A 45-year-old driver for Kyodo News Service was slain in a hail of gunfire Thursday night outside the Ministry of Interior compound, where opposition leader Sam Rainsy had been standing some 10 minutes before.
The slaying shattered the relatively peaceful post-election calm and raised the stakes for a massive opposition rally planned Sunday throughout the capital.
The attack followed a series of confrontations between Sam Rainsy Party supporters—who were attempting to sleep at the Interior Ministry compound with election ballots—and policemen, witnesses said.
Immediately after the attack Sam Rainsy was detained inside the Interior Ministry compound for three hours, alarming his family, human rights groups and the UN, who feared for his safety.
“They threatened to kill us many times….I thought I was going to be another Ho Sok tonight,” Sam Rainsy said at 2:10 am as he was leaving the compound with UN escort. Ho Sok was the Funcinpec general slain at the compound last year.
Sieng Sean, who had worked for Kyodo since the Untac era, was struck by bullets or shrapnel from a grenade in the back of the head at about 11:15 pm on Norodom Boulevard as he waited for his colleague to emerge from interviewing Sam Rainsy, according to police and witnesses.
Sieng Sean was shot behind his white Kyodo News truck and declared dead at 11:25 pm.
Witnesses said the gunshots and grenade came from two men in a Nissan pick-up speeding north on Norodom.
One man in the back fired four or five bullets from a handgun and then tossed a hand grenade from the back of the truck. It exploded in the middle of the street, witnesses said.
Sam Rainsy—who was several hundred meters from the attack— was detained with other party officials for questioning, and was not released until after 2 am this morning.
“After an explosion, you have to take a statement,” government spokesman Khieu Kanharith said at 1:45 am, explaining the detention of Sam Rainsy. “We suspect this might be an attempt to stir trouble. But we assume nothing.”
Khieu Kanharith said a complaint would be filed with the municipal court today because Sam Rainsy entered the ministry compound after hours.
The dissident was talking to more than a dozen journalists outside the National Election Committee building, which is located inside the Interior Ministry, when they heard a grenade explode. Sam Rainsy was preparing to sleep outside the election headquarters with party members who were guarding ballots from the July 26 polls.
“From the information I have, they were at least trying to scare Rainsy off, or perhaps trying to kill him,” Rainsy’s wife, Tioulong Samuara, said early this morning.
Sam Rainsy set up a bed and mosquito net outside the NEC building between 9 and 9:30 pm, according to party workers. But he left his post for the Interior Ministry gate about 10:30 pm to see several journalists, including the Kyodo correspondent, who were not initially allowed in.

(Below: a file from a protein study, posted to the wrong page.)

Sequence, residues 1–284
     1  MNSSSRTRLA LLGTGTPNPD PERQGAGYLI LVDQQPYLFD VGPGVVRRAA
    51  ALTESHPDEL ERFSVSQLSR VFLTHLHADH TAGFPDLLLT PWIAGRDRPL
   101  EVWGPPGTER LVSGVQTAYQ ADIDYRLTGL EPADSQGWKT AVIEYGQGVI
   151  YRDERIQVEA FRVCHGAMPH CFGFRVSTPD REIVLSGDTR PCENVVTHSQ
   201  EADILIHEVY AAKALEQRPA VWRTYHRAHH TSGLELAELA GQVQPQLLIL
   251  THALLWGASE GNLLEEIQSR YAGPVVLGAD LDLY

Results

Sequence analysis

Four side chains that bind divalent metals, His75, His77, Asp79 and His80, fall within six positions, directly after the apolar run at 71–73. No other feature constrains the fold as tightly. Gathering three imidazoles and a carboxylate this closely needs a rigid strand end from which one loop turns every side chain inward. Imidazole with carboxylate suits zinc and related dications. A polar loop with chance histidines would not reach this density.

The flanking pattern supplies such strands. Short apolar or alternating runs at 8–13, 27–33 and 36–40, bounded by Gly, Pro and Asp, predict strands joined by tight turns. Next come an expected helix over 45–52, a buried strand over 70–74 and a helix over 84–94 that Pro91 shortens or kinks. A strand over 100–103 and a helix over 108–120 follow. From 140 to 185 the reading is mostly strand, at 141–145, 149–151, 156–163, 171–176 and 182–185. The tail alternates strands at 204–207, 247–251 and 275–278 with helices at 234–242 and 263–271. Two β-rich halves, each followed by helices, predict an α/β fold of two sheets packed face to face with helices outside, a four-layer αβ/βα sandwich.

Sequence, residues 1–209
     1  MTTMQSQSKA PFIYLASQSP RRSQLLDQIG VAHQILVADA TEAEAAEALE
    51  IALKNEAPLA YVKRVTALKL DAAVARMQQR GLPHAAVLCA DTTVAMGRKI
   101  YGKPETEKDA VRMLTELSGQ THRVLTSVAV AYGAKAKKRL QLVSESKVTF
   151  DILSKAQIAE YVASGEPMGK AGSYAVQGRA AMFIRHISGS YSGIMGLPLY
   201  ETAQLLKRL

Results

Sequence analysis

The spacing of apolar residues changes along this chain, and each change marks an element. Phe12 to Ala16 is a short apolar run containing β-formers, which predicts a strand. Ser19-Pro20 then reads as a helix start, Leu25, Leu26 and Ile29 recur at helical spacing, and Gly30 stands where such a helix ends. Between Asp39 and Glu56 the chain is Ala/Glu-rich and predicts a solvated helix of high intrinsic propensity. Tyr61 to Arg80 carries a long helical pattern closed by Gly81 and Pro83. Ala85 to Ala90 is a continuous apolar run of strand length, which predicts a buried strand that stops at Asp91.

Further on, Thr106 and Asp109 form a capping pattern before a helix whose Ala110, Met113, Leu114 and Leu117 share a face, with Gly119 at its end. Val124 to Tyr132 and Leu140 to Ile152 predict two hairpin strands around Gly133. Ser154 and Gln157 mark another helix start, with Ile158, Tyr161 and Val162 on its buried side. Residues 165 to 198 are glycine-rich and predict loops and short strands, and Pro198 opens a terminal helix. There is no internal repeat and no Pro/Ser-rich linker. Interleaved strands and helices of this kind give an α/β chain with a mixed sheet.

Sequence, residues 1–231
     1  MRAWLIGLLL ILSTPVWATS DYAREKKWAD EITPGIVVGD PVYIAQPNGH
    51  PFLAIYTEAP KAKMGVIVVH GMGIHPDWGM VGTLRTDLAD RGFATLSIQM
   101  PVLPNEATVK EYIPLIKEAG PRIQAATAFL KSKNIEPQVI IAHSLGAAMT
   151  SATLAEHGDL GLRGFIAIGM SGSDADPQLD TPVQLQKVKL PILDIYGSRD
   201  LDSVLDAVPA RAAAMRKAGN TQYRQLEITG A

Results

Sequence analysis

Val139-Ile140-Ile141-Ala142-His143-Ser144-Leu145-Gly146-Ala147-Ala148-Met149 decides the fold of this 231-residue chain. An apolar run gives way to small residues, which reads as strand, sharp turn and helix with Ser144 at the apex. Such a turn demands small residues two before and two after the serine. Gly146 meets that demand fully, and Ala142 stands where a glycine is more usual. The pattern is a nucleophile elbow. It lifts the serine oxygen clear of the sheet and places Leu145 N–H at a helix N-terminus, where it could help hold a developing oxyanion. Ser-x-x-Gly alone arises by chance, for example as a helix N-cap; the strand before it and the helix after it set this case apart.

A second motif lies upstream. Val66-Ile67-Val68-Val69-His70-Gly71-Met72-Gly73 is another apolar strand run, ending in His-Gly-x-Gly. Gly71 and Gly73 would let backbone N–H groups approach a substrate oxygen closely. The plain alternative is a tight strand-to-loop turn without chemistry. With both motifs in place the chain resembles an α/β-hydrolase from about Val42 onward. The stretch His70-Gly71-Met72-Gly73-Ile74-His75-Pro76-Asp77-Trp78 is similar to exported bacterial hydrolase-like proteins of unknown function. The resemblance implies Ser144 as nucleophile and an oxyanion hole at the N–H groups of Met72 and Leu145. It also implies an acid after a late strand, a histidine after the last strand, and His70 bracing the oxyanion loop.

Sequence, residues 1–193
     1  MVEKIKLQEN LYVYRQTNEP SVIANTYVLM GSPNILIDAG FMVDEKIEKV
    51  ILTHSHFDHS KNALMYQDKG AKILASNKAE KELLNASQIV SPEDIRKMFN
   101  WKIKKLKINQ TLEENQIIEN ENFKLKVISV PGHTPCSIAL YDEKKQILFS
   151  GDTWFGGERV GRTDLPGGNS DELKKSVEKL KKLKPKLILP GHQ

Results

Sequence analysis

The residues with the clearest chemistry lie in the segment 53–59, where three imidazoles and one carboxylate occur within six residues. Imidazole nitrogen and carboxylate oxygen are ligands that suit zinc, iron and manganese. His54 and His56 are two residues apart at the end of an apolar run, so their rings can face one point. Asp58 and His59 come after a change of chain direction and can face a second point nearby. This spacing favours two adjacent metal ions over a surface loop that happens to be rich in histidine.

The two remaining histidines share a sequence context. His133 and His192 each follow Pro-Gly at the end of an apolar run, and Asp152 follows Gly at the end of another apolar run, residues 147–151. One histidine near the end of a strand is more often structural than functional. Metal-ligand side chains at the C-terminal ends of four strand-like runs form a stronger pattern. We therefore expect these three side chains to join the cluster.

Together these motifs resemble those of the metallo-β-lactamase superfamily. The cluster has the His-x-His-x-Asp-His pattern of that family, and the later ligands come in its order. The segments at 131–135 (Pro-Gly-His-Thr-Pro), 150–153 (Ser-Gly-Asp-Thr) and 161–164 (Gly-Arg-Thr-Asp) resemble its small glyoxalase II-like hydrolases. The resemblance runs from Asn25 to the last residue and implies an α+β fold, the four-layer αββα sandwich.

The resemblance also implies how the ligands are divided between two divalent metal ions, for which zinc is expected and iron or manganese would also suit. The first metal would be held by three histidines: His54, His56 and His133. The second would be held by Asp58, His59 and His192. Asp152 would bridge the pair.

Sam Rainsy was prevented temporarily from returning to the NEC.
Once back inside the compound, Rainsy workers became increasingly panicked at the growing number of soldiers arriving at the ministry, Samaura said.
Immediately after the explosion, Rainsy called his wife and had Interior co-Minister You Hockry on another phone at the same time, telling the official that he was in danger and to “Please help, uncle,” Saumura said.
Several minutes after the explosion, witnesses said Interior Ministry guards pointed their guns at Sam Rainsy—who raised his hands—and fired one round near Rainsy’s feet. Party member Oung Manit said Sam Rainsy fell to the ground and was kicked by guards.
Several journalists were also briefly detained.
The driver, Sieng Sean, was waiting in his car for much of the night, said Ros Vatha, a driver and assistant for Yomiri Shimbun, a Japanese newspaper. But he got out of his vehicle just before the attack to urinate.
He was shot as he was returning to his car. “The assailants fire randomly,” Ros Vatha said.
Sieng Sean is survived by his wife, Sean Knhara, a daughter and two sons. Family members sobbed near the body about midnight.
“My father never had a quarrel with anyone,” said Sean San, 20, one of the victim’s sons. “Perhaps it is related to politics. I am very shocked, and almost cannot speak. I just had dinner with him this evening.”
Amnesty International immediately condemned “yet more reports of violence on the streets of Phnom Penh.”
“Clearly, they want to frighten people away from coming to the demonstration on Sunday,” said Rich Garella, Rainsy’s spokesman. “They are desperately afraid of having a real investigation into what’s inside the ballot bags.”
(Additional reporting by Chris Decherd, Mhari Saito, Kay Johnson, Catherine Philp)
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